The Institute for Conflict Management, the world's premier open source for research and data on terrorism in South Asia, on Sunday received the M L Sondhi Prize for International Politics, 2007.
The award, which includes a cash prize of Rs 1,00,000 and a plaque, has been instituted by the M L Sondhi Memorial Trust and the M L Sondhi Institute for Asia-Pacific Affairs.
Speaking at the award ceremony at the Habitat Centre in New Delhi, President of the Institute for Conflict Management and former Punjab top cop K P S Gill said that current assessments of international Islamist terrorism were afflicted by "gross imbalances of judgments and response".
He added that Islamist terrorism was, in fact, 'imploding'.
"The reality, across the world today is that while non-Muslims are the proclaimed targets of the Islamist extremists and the so-called global jihad, it is Muslims who are its principal victims," he said.
He further noted, "Many Muslim fundamentalist states including Saudi Arabia and Pakistan are being thrown into direct conflict with the Islamist extremists, and the imperatives of self-preservation are soon going to force their leaderships to make drastic choices between one of just two options: to throw in their lot with the jihadis and take their countries back into the 16th century, or to dismantle their own extremist Islamist agendas and embrace modernisation, democracy and the ideologies of freedom and religious coexistence."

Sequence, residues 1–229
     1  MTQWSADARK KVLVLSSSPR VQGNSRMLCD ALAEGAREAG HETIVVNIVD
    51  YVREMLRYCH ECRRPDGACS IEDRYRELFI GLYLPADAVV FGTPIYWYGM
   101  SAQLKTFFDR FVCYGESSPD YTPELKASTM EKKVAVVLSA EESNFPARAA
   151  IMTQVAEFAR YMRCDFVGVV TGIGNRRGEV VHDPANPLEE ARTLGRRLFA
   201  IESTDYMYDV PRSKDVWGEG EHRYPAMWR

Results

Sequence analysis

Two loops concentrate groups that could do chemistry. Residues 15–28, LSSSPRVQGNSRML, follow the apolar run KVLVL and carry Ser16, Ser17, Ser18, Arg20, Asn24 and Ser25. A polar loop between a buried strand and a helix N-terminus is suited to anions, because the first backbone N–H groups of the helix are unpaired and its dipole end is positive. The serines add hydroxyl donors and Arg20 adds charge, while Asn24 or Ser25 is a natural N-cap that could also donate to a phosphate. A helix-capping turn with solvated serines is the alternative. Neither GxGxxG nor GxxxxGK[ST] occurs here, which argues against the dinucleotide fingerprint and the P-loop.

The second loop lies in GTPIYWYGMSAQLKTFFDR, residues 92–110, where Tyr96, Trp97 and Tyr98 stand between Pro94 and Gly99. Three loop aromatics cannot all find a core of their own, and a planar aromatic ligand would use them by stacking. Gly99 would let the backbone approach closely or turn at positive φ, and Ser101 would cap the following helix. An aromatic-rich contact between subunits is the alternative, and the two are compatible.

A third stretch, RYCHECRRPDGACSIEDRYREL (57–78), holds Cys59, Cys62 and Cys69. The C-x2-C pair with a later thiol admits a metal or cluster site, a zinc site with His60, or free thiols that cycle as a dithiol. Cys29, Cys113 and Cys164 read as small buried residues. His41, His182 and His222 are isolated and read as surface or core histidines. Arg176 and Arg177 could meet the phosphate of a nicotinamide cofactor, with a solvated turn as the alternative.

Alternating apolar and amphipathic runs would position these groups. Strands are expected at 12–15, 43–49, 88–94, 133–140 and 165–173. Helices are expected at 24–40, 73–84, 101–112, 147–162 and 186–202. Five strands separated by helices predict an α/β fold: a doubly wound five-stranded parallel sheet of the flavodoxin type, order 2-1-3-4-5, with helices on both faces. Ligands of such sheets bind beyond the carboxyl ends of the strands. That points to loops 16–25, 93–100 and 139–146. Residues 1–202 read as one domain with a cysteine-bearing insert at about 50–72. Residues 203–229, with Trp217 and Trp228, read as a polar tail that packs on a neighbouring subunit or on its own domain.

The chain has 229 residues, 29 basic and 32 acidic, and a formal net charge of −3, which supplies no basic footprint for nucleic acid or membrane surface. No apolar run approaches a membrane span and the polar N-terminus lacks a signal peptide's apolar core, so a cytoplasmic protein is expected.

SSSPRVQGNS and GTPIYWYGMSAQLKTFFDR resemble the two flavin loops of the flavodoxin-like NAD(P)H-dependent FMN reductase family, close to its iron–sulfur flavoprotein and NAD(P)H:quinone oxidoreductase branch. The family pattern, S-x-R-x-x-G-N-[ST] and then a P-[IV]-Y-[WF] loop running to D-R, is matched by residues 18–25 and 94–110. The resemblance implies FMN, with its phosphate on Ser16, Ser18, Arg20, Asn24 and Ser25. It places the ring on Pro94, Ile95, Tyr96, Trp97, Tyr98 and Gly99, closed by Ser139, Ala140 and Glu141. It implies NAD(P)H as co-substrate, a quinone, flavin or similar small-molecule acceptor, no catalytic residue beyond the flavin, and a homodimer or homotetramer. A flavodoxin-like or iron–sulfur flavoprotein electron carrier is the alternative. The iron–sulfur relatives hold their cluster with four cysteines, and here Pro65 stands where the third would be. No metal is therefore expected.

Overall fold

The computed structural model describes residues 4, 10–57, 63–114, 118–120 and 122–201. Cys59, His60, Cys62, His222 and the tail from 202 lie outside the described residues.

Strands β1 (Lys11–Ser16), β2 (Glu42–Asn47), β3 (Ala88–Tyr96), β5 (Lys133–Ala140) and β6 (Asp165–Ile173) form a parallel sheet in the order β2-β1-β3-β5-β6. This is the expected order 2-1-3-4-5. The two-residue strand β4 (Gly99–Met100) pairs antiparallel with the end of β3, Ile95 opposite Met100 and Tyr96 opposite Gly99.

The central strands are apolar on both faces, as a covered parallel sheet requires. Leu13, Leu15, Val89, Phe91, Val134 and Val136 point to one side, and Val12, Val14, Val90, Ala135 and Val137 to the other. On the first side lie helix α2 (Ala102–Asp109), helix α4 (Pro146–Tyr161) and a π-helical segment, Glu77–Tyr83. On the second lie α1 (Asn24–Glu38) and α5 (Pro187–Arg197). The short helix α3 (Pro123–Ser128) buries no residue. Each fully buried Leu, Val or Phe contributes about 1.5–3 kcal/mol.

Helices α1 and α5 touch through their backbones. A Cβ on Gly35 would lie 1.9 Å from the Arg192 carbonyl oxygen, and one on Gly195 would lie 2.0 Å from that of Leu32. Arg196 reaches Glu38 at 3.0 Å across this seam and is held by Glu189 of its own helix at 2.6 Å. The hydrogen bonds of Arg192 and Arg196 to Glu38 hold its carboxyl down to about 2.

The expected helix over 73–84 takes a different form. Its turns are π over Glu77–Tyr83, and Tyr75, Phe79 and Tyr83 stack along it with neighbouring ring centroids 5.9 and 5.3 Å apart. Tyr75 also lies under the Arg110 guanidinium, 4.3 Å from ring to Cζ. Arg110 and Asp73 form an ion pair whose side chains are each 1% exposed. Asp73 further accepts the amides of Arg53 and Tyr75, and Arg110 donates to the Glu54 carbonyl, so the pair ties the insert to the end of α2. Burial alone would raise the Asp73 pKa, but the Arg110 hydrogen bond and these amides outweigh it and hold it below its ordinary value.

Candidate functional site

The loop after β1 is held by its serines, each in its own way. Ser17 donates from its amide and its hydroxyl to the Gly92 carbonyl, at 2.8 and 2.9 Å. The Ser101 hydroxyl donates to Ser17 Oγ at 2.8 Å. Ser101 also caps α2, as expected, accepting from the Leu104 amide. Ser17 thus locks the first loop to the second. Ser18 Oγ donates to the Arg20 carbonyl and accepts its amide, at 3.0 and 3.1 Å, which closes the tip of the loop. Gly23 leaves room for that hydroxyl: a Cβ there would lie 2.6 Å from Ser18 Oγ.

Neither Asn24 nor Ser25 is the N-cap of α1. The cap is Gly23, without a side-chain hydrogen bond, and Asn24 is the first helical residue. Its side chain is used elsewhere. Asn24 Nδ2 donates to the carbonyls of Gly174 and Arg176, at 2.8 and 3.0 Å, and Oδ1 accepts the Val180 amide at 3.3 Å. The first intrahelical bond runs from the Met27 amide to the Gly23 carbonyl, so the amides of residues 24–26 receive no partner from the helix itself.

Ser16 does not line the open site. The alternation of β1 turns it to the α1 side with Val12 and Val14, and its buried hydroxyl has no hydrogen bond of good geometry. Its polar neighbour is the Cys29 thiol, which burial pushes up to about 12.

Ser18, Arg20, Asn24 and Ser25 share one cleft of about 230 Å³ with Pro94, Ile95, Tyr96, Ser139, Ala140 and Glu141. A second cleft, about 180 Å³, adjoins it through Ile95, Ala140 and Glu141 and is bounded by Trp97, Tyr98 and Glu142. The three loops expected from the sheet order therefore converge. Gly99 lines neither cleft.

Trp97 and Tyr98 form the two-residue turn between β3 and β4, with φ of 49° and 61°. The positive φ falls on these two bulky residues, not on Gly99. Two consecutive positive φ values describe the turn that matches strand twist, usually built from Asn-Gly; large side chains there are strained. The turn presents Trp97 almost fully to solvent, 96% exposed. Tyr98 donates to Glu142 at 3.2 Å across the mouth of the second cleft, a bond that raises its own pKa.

Gill argued that it is crucial that rational judgments and a considered approach prevail over the hysteria and sentimentalism that ordinarily characterizes responses to terrorism, if terrorism as a tactic of war is to be effectively resisted.
He emphasised the need for objective assessments, particularly in relation to three aspects. Gill pointed out that the psychological and emotional impact of international terrorism far exceeds the actual material and human damage it inflicts.
The reality and impact of terrorism has, in fact, been vastly exaggerated in recent years, he said. Gill also felt that international terrorism has done and continues to do infinitely greater damage to its sponsoring and supportive states and societies than to its targets.
Finally, terrorists are able to secure some of their objectives principally because the target states and societies fail to appreciate these realities, and succumb to the distress, horror and revulsion that the murder of innocents provokes, responding in panic, and ignoring the basic imperatives of a systematic, systemic and strategic reaction to the challenge, said Gill.